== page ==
Given 1045 bc as the year of the Zhou conquest of Shang, the Western Zhou dynasty would have lasted 274 years, just about the same length of time as the Ming dynasty (276 years: ad 1368–1644). However, after the downfall of the Western Zhou dynasty, the Zhou court continued to exist in Luoyi for another 515 years, making the history of the Zhou royal house much longer than that of any other royal or imperial lineage that ever ruled China. Compared to other major dynasties in Chinese history, the strength and glory of the Western Zhou dynasty seem to have passed too early and the course of its weakening seems to have been extraordinarily long. But the very fact that the royal line could persist for nearly 800 years indicates also the unique power of the Zhou system. The Western Zhou state declined as the result of being perplexed by internal problems under outside pressures, and fell as the outcome of a “sudden” foreign attack joined by some of Zhou's former allies. It was the growth of the regional states that deprived the Western Zhou state of its energy and resources; it was also this growth that preserved a Zhou world and a long-lasting royal line. The Western Zhou state was itself a contradiction – a contradiction that inevitably brought it to a disastrous end.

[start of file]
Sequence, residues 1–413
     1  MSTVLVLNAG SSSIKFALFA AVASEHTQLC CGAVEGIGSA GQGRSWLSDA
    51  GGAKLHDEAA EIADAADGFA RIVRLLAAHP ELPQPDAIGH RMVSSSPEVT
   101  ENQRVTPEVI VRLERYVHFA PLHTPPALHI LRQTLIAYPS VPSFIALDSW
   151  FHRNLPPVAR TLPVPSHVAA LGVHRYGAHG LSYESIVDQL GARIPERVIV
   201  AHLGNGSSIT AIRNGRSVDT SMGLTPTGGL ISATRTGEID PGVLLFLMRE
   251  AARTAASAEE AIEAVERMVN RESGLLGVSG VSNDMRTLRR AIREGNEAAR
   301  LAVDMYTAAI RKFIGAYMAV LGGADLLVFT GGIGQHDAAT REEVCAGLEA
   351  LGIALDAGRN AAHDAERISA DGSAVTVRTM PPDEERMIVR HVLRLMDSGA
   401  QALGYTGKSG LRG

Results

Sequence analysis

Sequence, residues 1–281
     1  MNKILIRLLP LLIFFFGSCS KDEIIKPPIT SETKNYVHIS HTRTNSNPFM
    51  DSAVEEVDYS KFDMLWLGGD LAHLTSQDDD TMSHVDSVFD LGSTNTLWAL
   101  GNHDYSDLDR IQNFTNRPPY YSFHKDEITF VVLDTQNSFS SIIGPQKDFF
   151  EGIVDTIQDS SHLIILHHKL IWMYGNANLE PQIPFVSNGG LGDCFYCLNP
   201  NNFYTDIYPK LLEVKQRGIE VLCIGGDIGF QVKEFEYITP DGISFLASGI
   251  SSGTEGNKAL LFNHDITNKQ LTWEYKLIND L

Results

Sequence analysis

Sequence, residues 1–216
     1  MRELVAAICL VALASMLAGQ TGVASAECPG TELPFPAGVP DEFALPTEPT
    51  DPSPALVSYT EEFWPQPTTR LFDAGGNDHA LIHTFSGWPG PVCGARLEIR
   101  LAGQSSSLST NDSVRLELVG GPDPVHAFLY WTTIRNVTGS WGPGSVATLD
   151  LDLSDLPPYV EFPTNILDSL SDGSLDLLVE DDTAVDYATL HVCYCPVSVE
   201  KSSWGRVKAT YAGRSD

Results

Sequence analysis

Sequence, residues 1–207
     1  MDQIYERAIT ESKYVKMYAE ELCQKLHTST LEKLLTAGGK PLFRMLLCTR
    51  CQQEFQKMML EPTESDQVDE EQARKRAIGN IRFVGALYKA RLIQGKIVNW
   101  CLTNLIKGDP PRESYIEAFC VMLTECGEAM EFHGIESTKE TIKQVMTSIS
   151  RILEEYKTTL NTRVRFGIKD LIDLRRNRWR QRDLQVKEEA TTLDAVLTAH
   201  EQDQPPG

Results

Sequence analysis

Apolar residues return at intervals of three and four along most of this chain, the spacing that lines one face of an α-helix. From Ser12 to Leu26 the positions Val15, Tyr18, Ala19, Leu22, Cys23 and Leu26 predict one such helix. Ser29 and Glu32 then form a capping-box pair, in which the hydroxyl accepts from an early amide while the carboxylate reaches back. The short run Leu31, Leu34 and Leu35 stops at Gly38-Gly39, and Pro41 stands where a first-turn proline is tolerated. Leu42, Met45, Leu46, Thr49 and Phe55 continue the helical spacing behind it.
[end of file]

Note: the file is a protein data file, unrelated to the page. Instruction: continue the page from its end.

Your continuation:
As the last of the early royal dynasties in China, the Western Zhou state left its clear imprint on later Chinese history.